Isoelectric Focusing

By: Monika Baeumle, BioFiles 2009, 4.1, 14.

BioFiles 2009, 4.1, 14.

Isoelectric focusing (IEF) is a powerful analytical tool for the separation of proteins. In order to ensure the high performance of analysis, isoelectric point (pI) standards are needed. In addition to classical protein based standards, low molecular weight compounds have been developed and successfully examined in capillary IEF and IEF-gel electrophoresis. Gel electrophoresis, the common technology for IEF, minimizes convection and introduces an additional gel-sieving effect to separate proteins by size. However, it has several disadvantages such as lengthy analysis time, limited resolution, and difficulty in detection. These challenges have been largely overcome by the development of IPG-strips (immobilized pH gradients) for use in high-resolution pI-separation.

Capillary electrophoresis is a high-resolution approach to separate molecules, based on the pI point, that can be automated. Separation is carried out in fused-silica capillaries with internal diameters of 25-75 μm. The electrophoresis takes place in free solution and the capillary controls convection currents. After focusing is complete, the solutes are pumped out of the capillary. UV absorption is the most popular detection method for capillary IEF, but UV induced fluorescence emission is of interest for derivatized proteins. Dansyl chloride, fluorescamine, o-phthaldialdehyde, and coumarin moieties are used to increase detection sensitivity.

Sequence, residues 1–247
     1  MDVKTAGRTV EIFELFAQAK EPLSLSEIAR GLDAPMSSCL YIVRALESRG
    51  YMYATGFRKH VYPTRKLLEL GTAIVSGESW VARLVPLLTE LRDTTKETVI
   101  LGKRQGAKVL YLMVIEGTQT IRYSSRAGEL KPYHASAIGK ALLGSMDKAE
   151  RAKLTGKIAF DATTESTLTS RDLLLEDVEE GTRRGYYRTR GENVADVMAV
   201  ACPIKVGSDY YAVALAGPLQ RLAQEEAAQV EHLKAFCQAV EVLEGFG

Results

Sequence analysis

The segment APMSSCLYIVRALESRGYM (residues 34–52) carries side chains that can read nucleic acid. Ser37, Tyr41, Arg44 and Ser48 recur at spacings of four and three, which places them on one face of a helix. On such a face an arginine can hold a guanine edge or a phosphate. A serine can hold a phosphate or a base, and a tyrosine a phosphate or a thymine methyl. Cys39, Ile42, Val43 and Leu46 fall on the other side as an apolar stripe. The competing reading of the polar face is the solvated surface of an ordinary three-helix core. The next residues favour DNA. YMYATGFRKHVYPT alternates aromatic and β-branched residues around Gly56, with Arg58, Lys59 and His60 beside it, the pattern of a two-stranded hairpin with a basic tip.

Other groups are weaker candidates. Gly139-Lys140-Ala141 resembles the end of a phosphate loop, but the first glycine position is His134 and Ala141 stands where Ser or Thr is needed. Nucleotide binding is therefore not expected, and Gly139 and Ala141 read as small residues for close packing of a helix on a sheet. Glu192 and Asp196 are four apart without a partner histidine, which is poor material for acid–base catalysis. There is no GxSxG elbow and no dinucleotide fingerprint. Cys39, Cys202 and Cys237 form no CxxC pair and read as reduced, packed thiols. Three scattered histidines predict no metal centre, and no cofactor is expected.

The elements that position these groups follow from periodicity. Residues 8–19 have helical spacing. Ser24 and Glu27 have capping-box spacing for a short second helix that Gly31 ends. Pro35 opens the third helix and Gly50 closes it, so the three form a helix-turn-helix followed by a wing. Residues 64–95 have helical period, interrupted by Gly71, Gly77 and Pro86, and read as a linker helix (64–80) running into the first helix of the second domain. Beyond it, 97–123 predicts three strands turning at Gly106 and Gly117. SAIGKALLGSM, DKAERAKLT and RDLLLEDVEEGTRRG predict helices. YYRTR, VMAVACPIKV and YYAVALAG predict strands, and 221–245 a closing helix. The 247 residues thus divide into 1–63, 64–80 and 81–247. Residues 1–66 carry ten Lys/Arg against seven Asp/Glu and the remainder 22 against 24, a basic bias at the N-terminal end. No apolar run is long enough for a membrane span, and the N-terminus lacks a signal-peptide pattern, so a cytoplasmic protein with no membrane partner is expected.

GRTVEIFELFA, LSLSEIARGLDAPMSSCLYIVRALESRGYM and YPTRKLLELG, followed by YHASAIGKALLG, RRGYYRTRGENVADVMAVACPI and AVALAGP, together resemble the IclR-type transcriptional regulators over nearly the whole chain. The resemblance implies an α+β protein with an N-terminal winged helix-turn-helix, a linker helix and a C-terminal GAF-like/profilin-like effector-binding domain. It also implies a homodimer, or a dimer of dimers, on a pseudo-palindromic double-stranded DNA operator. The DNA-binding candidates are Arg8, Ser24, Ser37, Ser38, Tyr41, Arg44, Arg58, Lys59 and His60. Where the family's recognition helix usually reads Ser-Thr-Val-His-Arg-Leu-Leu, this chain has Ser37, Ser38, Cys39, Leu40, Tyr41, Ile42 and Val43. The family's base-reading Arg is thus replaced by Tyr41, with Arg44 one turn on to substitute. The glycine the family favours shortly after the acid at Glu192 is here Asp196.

One of the most critical issues in isoelectric focusing, whether in capillary electrophoresis or slab gel, is standardization of results. For that purpose typical protein standards have been used which could show certain disadvantages:

  • Limited stability of solutions
  • Inadequate purity for application as a standard
  • Lot-to-lot inconsistency

 

To overcome these problems, Sigma® Life Science introduces synthetic IEF-markers, which can be used for fluorescent detection. The fluorescent IEF-markers enable a much higher sensitivity than using UV detection, as is commonly used with slab gel electrophoresis. The maximum absorbances of the individual markers are between 308 and 350 nm. For fluorescence detection, an excitation wavelength of 310 nm is suggested (individual excitation maxima range between 310 to 400 nm); the emission maxima of the individual markers are between 410 and 500 nm (see Figure 1). An advantage in IEF gel electrophoresis with fluorescent IEF-markers is the ability to control the formation of a gradient without further staining (using UV illumination).

 

Figure 1.CE-IEF with different fluorescent pI Markers: 1, pI 10.2; 2, pI 9.0; 3, pI 7.6: 4, pI 7.2; 5, pI 5.5; 6, pI 4.0; 7, pI 3.0.

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Materials

References

  1. Horká, M., Willimann, T., Blum, M., Nording, P., Friedl, Z., Slaisk, K. Capillary isoelectric focusing with UV-induced fluorescence detection, J. Chromatogr. A, 916, 65-71 (2001).

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